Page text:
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In the fifth chapter of Cynthia Freeland’s work, But is it art?, the world of feminist art is briefly explored, with special attention paid to the ‘Guerilla Girls’, a group of female artists who banded together in 1985 to protest sexism in the art world. In a 1989 advertisement called ‘How Women Get Maximum Exposure’, the Guerilla Girls depict a naked woman wearing a gorilla mask, writing next to her that “Less than 3% of the artists in the Modern Art sections are women, but 83% of the nudes are female.”
How have men historically chosen to depict female nudes, and why? What social significance do these artworks carry? When is a female model being portrayed respectfully, and when is she being objectified? How have contemporary female artists responded to the historic depictions of the female nude? Are these artists merely trying to reinvent the wheel, or are they establishing an important milestone in the canon of the female nude? Throughout this paper, I will briefly recount historical male depictions of the female nude and analyze those works’ social implications; then, I will examine the feminist reclamation of the female nude as presented by contemporary female artists.
First, one must observe the Western artistic tradition of the male-painted female nude. This trend can be traced back as far as 350 BCE, when the Greek sculptor Praxiteles of Athens created the original Aphrodite of Knidos, which became the first completely nude cult statue of a goddess. Unfortunately, the original did not survive, but numerous copies were created throughout the Greek and Roman eras, such as The Capitoline Venus, from the 2nd or 3rd c. BCE, and The Venus de’Medici, from the 1st c. BCE. All of these statues depict the Greek goddess of love named Aphrodite in Greek and Venus in Latin. In them, Venus simultaneously exudes vulnerability, sexuality, and modesty. She covers her breasts and her pubis with little success, the rest of her nude body brazenly displayed. This paradoxical representation reflects a number of sexist Greek and Roman ideals, as the male sculptors have created a woman who can be fetishized, but is not the owner of her exposure; who exemplifies the beauty standard of her time, but still hides herself modestly; who gazes blankly into space; who bears no distinguishing marks of who she is, besides a beautiful woman. This pose became so common in Ancient Greece and Rome that it earned its own name: the venus pudica pose, in which an idealized woman is shown covering her pubis, and sometimes her breasts, with one or two hands. This model of the vulnerable woman, as depicted by exclusively male artists, will evolve and develop some personality over time, but its ancient sentiments of misogyny and objectification remain.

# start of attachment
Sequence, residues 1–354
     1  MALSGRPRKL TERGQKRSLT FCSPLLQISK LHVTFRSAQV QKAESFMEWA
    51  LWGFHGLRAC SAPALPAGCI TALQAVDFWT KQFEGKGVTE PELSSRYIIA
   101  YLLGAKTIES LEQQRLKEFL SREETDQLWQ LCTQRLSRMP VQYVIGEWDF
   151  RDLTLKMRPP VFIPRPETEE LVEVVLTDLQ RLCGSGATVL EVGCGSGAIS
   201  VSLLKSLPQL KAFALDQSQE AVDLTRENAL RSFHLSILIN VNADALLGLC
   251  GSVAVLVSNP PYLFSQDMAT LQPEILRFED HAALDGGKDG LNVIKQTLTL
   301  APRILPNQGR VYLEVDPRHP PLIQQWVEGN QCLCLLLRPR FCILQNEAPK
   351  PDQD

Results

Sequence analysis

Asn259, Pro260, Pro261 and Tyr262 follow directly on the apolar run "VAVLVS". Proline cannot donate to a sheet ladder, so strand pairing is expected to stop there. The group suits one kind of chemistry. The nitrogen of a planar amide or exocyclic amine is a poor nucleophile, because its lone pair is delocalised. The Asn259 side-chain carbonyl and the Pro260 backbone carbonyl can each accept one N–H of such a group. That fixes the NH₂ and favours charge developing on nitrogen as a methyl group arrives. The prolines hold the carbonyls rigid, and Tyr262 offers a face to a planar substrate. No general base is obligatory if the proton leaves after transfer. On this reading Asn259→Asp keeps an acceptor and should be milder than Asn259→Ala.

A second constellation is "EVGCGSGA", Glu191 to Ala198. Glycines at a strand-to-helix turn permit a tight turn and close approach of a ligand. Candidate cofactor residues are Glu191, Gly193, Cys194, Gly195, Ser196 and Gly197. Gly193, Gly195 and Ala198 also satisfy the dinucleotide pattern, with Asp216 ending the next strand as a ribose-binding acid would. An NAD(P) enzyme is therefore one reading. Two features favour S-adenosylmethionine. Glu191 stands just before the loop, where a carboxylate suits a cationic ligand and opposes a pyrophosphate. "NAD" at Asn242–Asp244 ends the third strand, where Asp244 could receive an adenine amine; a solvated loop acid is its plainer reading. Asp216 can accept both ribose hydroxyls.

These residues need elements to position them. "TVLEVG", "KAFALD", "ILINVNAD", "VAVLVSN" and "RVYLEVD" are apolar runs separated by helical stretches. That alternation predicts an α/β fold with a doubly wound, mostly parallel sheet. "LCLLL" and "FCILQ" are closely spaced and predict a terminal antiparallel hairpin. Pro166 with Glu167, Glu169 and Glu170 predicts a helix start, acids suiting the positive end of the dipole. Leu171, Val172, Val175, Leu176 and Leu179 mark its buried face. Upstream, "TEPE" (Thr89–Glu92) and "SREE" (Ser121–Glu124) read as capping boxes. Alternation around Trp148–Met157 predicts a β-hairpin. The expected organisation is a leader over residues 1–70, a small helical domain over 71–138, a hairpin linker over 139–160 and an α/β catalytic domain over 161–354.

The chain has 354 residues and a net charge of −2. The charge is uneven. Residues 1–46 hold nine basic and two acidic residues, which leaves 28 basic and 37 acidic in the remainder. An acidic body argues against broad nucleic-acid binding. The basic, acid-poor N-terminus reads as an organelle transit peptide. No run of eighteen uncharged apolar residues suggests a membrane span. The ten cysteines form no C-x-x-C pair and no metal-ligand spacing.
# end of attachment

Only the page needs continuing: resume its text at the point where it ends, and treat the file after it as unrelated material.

The Renaissance era offers perhaps the most mainstream use of the venus pudica pose in the form of Sandro Botticelli’s The Birth of Venus. Though this work offers some slight variations on the prefeminist female nude, as Venus stares at the viewer daringly, the key elements of the historic female nude persist: hand covering pubis, hand covering breasts, vulnerability, modesty, hint of sexuality. Other artists in the 16th c. CE offer similar variations of the venus pudica, as in Giorgione’s Sleeping Venus and Titian’s Venus of Urbino. These works and others ushered in the trend of the ‘Reclining Venus’, which maintains almost all of the features of the venus pudica while portraying the woman lying down.
The ‘Reclining Venus’ persists throughout the Renaissance and into the art of the 19th century, in which works such as Manet’s Olympia and Cabanel’s The Birth of Venus added to the canon of the female nude. Here, the woman is slightly more subjectivized and slightly less modest, as in Olympia’s dainty accessories and The Birth of Venus’ completely uncovered form. Yet, the woman are still objective, idealized, and clearly displaying themselves for the viewer, with little thought given by the artist to the female figure’s personality or sense of self. Jumping forward to the 20th century, works such as Matisse’s Blue Nude and Klimt’s Reclining Nude Lying on Her Stomach and Facing Right show some variation, but still adhere to the requirements of the objectified female nude. However, one cannot forget that these are still works of art created by male artists, during a time in which female artists and women at large faced tremendous misogyny in society. Furthermore, are the social ideas portrayed by these works radically different from those presented by Botticelli or Giorgione’s Venus? The answer is no, as the works prioritize the objective, idealized female form rather than a subjective, humanized woman.